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Mission First: Blueland's Secret to Expansive Brand Growth

Published August 23, 2022
Published August 23, 2022

Blueland struck (eco-friendly) gold with its refillable, plastic-free, and plant-based range of cleaning products, becoming the fastest-growing DTC brand, raising $20 million in investments from the likes of Able Partners, Comcast Ventures, Global Founders Capital, and Prelude Growth Partners.

The duo behind the company is a powerhouse of business and entrepreneurship. One half is former McKinsey & Co. business analyst, private equity associate, co-founder of mobile shopping platform Snapette, and founding partner of start-up studio Launch Sarah Paiji Yoo. The other is John Mascari, a mergers and acquisition analyst for Lehman Brothers and Barclays, who contributed his insights to The Wall Street Journal, and became founder of motherhood-focused F&D brand Bundle Organics.

Together, the two overhauled products such as dishwashing liquid, hand soap, and laundry detergent with a refill tablet format, available in Forever Bottles made of Tritan or glass, silicone Forever Shakers, or steel Forever Tins. The formulas themselves are free of  parabens, phthalates, ammonia, VOCs, phosphates, and chlorine bleach, with vegan, gluten-free, soy- and nut-free ingredients that are Cradle to Cradle and Leaping Bunny Certified. Consumers simply need to add the tablet (or powder) to H2O for it to work its magic, also reducing company water production needs in the process.

The company is Climate Neutral Certified, using no single-use plastic and instead relying on recyclable shipping boxes, paper-based tape, compostable refill packaging, and water-based ink. The B Corp company also supports initiatives such as DigDeep, American Civil Liberties Union (ACLU), Natural Resources Defense Council (NRDC), and Lonely Whale. To date, Blueland has eliminated over 1 billion single-use plastic bottles, and given that 40% of overall plastic waste created is through packaging, that positive impact is rising by the day.

Now, the brand has turned its efforts towards skin and body care, with the introduction of a powder-to-gel Body Wash in May and the launch of their patent-pending Facial Cleanser this month. The latter Made Safe formula is a hypoallergenic, fragrance-free, and skin pH-balanced powder formula that turns into a non-foaming gel, plus contains gentle ingredients such as oat, kaolin clay, and vitamin E.

Furthermore, looking at impact beyond the solo company echo chamber, Bluleland has introduced Beyond the Bottle, a Twitter-based initiative to help consumers best recycle their products (no matter which brand they bought from). Users only need to tweet @blueland with a picture and name of their product, plus location, and the company will reply with the suitable end life (trash, partially recyclable, fully recyclable).

BeautyMatter spoke to Yoo about Blueland’s upward trajectory and expansion into personal care, and why she prioritizes need over new product development.

What prompted expanding into the skincare realm and the launch of Beyond the Bottle? Why was it important to have that tool available to consumers?

It's a really exciting moment for us to launch a facial cleanser and continue to move into beauty. From a mission perspective, that prospect has always been exciting for us. We're so proud of how we've moved the industry forward on the cleaning side. When we started, refillable cleaning products, using the same bottle over and over again, selling cleaning concentrates where you add your own water, that was an unheard-of behavior in the cleaning retail space. Certainly you had a subset of people that were making their own cleaners, but the vast majority of cleaners that were available in retail stores were for single-use consumption. Today, if you walk into any mass retailer, you'll see that all of the major CPG brands have their answer to refills and concentrate, which is really exciting.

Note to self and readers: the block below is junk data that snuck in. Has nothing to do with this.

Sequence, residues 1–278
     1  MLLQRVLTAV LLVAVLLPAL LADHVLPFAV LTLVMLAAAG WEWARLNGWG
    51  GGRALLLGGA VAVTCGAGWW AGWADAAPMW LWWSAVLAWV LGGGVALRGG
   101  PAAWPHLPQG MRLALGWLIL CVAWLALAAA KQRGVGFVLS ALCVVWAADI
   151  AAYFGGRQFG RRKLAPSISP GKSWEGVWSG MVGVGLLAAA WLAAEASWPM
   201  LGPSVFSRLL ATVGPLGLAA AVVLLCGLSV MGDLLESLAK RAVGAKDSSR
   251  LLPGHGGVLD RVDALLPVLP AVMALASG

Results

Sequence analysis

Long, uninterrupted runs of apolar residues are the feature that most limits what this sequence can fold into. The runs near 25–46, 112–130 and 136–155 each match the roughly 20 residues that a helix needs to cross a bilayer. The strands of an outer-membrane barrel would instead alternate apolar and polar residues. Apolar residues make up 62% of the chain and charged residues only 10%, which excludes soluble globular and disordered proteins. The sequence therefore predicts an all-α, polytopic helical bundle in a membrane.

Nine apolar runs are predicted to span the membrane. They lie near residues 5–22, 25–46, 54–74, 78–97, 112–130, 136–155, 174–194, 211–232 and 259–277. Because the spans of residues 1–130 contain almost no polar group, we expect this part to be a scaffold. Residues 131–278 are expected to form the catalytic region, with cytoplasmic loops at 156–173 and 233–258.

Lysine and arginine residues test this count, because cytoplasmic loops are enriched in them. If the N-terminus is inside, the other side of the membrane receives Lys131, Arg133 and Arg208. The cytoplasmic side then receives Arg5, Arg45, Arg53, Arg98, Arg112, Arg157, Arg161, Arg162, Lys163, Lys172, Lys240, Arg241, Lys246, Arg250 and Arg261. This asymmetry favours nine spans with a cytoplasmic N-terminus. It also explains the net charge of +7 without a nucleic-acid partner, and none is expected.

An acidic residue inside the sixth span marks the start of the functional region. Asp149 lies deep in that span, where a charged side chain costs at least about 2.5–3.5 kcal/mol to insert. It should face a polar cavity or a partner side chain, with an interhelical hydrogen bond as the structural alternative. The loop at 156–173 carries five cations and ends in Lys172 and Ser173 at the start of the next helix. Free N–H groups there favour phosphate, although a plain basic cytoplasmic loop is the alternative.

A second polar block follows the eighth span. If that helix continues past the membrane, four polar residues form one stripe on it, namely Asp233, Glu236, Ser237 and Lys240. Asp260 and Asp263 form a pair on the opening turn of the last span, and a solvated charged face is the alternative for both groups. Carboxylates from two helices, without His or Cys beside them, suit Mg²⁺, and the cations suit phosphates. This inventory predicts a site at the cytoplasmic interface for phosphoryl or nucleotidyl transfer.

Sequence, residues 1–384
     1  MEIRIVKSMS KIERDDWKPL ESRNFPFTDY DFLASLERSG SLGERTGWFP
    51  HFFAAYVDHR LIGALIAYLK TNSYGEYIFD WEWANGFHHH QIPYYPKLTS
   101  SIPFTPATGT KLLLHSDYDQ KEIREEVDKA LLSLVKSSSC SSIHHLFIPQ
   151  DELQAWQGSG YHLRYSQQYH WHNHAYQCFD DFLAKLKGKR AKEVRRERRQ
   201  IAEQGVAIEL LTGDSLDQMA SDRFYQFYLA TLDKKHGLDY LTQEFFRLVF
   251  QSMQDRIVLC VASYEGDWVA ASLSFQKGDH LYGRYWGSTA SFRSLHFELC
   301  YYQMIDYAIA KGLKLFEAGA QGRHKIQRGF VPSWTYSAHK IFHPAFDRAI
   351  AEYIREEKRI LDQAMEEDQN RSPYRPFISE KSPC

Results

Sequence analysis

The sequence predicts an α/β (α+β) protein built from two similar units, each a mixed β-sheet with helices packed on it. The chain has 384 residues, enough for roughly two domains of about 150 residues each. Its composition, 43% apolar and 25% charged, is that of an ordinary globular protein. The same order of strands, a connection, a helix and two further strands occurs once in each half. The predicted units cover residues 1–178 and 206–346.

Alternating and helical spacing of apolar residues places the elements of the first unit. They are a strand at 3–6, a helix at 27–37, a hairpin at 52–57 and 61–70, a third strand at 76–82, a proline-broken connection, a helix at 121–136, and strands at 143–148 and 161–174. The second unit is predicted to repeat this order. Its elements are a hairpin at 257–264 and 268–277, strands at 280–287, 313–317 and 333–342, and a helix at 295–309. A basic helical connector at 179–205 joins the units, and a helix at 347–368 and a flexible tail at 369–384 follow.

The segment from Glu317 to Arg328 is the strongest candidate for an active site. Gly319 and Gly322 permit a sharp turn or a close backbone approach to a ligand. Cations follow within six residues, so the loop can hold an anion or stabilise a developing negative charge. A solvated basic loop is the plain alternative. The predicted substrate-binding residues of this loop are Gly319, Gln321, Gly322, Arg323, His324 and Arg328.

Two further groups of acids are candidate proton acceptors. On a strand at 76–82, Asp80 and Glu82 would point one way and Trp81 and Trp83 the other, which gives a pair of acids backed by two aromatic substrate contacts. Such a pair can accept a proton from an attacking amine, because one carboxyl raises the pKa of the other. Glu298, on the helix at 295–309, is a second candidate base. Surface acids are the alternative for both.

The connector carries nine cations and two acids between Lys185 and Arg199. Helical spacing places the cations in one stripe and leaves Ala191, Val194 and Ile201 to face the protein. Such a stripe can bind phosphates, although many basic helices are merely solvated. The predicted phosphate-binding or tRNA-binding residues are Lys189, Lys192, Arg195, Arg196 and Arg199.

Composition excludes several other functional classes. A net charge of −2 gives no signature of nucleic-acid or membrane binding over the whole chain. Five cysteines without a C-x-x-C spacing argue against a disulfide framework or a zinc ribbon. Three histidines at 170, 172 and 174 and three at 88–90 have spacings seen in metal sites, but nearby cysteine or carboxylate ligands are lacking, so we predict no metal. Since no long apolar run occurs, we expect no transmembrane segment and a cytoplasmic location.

Beauty has been another industry that we've been dying to dip our toe into. Obviously it's a massive industry and it feels like there are so many new products being released into the world at an increasingly faster clip. There's so much consumption and it's only accelerating. Beauty has always been interesting to me because the packaging in the beauty industry is notoriously unclear in terms of not just how to responsibly dispose of or recycle, but even labeling for the consumer what material you're purchasing.

As a consumer when you purchase a product, you're not just buying what's on the inside. You're purchasing that packaging as well. It's interesting coming from the cleaning industry where, with all the areas of improvements that remain, packaging labeling actually is very pervasive. The vast majority of cleaning products, if you pick it up off the shelf and look under, they'll usually tell you what material the product is, or at least the plastic number 1-7. In beauty, that definitely is not the case. I’m feeling very energized about entering beauty, seeing if we can help move the industry forward in that perspective.

Obviously the business model being built on refillable and these Forever Bottles, you have a mix of packaging. I feel like a lot of times people assume if you're doing that format it has to be glass, so I'm wondering what was the decision for using certain materials for one product versus another?

We've really thought more broadly than just plastic. For example, across all our operations since the beginning, we've worked very closely with Cradle to Cradle to assess every single ingredient and material we use at the molecular level, but also looking beyond plastic use into carbon emissions, water stewardship, energy consumption, etc. Similarly, when we thought about our bottles, we didn't want to assume that a material like glass was going to be the best path forward for us. It was going to be how we unlock the most impact, and so we did a lot of work to understand what consumers wanted and what was standing in their way to make more conscious, sustainable choices.

When we came into the space, Blueland was very much focused on how we turn a lot of the stereotypes of eco on its head. Eco had this bad reputation of being more expensive, less effective, and more work. That's what's prevented more sustainable products from reaching the mass market. We were really surprised that over 75% of consumers told us they would not use the product if it was a glass bottle, that they found it inconvenient, heavy, and that they're breaking, especially the spray bottles. We did not want those to be the reasons why people were turned off from converting to a reasonable system, which we ultimately do believe is so much better and simple to use.

"As a consumer when you purchase a product, you're not just buying what's on the inside. You're purchasing that packaging as well."